January 4th, 2008
10:00 AM ET
7 years ago

Poll: Americans mixed on early primary schedule

(CNN) - The candidates, the press corps, the national parties may all be griping about 2008's incredibly early and compressed primary calendar - but it seems the rest of the country may not share those complaints, according to a new survey.

A Gallup poll released Friday found that 49 percent of the country thinks it's a good thing that the caucuses and primaries begin in January. Another 27 percent say it's neither good nor bad. Just 22 percent are troubled by the unprecedented early start to the presidential selection process.

The fact that the contest may be a relatively short sprint didn't seem to trouble a majority of those surveyed, either: 45 percent said it was a good thing that both parties' nominees would likely be known by early February, and 18 percent more said it would be neither good nor bad. Thirty-six percent said they'd like to see the process last longer.

Americans are less enthusiastic about the king-maker role now filled by Iowa and New Hampshire. While 26 percent thought it was a good thing that those two states always weighed in first, 28 percent thought it was a bad thing. Forty-four percent were ambivalent about the current arrangement.

But those surveyed appeared overwhelmingly unhappy about the fact that most of them may not get the chance to cast a meaningful presidential primary vote: 71 percent said that it was a bad thing that the nominees are usually determined before many states hold their primaries or caucuses. Just 11 percent said it was a good thing, and 17 percent said it was neither good nor bad.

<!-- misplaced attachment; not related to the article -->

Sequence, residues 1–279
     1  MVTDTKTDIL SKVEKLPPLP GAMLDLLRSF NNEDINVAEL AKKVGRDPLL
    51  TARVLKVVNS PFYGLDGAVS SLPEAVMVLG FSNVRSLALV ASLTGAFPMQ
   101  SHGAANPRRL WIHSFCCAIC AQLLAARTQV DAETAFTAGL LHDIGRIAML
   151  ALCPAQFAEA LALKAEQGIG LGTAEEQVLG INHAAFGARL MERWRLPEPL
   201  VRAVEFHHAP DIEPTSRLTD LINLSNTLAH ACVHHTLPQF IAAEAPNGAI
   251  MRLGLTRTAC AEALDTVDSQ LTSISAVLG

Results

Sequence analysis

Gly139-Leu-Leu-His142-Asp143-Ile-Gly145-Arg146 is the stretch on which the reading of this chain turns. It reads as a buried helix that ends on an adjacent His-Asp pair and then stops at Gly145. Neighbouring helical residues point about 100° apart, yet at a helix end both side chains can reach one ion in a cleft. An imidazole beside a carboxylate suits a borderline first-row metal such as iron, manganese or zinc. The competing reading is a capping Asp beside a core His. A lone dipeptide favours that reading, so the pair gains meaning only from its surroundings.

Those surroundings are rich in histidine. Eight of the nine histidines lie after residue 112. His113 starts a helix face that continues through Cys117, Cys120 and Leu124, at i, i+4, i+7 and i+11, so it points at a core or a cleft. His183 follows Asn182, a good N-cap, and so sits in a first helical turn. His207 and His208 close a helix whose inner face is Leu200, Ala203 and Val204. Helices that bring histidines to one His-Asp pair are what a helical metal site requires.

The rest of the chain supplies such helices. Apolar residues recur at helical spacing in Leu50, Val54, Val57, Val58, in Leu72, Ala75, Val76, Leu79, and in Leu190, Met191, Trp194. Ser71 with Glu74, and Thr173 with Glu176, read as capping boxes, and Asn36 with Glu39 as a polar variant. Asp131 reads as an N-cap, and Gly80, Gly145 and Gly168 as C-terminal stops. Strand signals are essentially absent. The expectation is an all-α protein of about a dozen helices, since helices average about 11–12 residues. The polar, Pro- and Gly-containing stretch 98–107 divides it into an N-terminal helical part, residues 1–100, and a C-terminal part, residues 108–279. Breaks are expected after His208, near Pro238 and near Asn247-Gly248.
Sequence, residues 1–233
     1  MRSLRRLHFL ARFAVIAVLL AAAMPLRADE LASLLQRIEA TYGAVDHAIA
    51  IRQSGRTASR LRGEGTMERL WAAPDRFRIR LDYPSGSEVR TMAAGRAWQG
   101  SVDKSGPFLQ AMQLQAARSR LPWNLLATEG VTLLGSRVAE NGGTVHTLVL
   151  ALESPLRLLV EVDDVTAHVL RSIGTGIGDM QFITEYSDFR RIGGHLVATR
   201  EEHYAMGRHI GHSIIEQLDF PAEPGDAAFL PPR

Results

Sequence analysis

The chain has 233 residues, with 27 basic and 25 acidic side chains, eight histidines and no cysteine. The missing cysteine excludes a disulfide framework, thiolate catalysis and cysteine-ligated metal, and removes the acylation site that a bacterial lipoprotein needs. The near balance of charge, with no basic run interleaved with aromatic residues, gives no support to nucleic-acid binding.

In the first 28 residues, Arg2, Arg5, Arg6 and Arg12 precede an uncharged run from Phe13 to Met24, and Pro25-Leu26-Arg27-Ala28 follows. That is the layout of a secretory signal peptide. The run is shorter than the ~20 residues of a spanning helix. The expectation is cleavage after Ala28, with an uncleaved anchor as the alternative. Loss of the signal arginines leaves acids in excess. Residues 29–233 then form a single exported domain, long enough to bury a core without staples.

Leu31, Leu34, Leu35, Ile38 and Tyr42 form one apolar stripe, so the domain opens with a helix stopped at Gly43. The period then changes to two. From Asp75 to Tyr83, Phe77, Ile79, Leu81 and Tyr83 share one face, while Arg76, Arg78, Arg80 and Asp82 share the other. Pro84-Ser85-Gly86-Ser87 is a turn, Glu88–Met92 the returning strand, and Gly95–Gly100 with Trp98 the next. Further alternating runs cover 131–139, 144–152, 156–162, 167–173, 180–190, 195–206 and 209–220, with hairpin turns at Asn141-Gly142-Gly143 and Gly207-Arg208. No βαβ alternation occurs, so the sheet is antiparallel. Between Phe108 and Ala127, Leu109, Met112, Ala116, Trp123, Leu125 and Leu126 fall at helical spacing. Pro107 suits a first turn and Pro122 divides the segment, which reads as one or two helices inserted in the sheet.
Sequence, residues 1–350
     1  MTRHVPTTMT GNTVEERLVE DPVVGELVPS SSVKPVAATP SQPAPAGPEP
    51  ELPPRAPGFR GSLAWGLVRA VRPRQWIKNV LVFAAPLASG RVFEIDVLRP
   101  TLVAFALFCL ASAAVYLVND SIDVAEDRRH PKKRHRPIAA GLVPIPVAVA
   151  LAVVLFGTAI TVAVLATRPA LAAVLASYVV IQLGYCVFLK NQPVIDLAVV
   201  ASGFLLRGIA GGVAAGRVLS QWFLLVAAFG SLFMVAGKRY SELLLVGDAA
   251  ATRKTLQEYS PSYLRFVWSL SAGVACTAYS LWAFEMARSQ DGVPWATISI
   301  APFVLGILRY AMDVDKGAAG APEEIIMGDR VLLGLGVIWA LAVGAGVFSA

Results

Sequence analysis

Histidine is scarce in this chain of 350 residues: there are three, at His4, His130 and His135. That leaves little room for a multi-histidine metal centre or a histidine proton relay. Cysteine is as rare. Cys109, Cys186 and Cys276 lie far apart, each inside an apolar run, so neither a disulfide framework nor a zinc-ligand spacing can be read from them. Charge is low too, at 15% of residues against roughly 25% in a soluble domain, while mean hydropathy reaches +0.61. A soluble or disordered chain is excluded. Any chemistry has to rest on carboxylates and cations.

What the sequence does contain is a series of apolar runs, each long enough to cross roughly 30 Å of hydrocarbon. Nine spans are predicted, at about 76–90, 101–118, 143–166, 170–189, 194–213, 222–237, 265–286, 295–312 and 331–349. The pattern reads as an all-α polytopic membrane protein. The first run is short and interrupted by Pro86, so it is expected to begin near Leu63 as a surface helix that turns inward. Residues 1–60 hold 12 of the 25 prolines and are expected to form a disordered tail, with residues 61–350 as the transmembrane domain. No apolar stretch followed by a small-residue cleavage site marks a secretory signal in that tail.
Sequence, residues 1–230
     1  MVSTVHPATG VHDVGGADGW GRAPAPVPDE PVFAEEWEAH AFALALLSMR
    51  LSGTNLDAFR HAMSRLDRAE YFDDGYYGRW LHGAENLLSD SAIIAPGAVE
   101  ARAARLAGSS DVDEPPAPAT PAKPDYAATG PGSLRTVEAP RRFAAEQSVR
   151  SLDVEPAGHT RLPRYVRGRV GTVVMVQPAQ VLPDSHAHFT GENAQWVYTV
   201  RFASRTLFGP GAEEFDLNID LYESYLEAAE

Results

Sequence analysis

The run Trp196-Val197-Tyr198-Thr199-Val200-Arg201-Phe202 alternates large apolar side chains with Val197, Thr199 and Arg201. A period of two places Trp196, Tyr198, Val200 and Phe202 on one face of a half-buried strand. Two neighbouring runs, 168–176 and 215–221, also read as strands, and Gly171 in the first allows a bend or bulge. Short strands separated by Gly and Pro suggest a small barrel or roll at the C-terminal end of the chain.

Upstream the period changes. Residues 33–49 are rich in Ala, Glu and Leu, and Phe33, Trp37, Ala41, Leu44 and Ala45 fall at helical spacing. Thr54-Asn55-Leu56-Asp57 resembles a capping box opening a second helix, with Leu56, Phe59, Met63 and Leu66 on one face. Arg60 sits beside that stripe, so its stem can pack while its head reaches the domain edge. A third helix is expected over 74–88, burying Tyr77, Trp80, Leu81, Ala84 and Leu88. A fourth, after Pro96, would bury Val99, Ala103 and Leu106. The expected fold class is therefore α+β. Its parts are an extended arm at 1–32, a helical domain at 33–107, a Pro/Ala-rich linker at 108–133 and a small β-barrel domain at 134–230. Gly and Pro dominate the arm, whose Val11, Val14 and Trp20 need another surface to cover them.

The survey of 1,008 Americans was conducted December 10-13, 2007, and has a margin of error of plus or minus 4 percentage points.

–CNN Associate Political Editor Rebecca Sinderbrand


Filed under: Iowa • New Hampshire
soundoff (89 Responses)
  1. Steven

    Compressed primary calendar? I am just about burned out already, as this thing started so early!

    January 4, 2008 10:59 am at 10:59 am |
  2. Betty Kelso-Clough

    Iowa Caucus–whats the big deal with Obama winning the Democratic vote? He got just over 900 votes while Huckabee got about 40,000. Although it was shown on the TV screen, I didn't hear any news comments on the difference in the number of votes. Looks like Huckabee was the really big winner with 97% more votes than Obama.

    January 4, 2008 11:13 am at 11:13 am |
  3. Roy

    Good points, but Rebecca check your spelling. LOL not trying to be mean, but I thought journalist are suppose to spell check.

    January 4, 2008 11:21 am at 11:21 am |
  4. Anonymous

    How many voters equal a 1% difference in Iowa. How large is the entire population of New Hampshire ? Neither state's outcomes should be given the media coverage that has been blasting at us continuously on the news.
    Those outcomes are just data points not decision points for anyone who thinks for themselves.
    Lets put this into perspective and develop a rational system with meaningful coverage not just irrational hype about change-of course, after the current presidency, change is imperative but I still don't have a clue about whose best to accomplish anything in our current system-a Democrat or Republican, an insider or outsider a man or a woman, a Christian or not. We are heading into dangerous territory when none of the candidates say anything of substance for fear of alienating a voting block.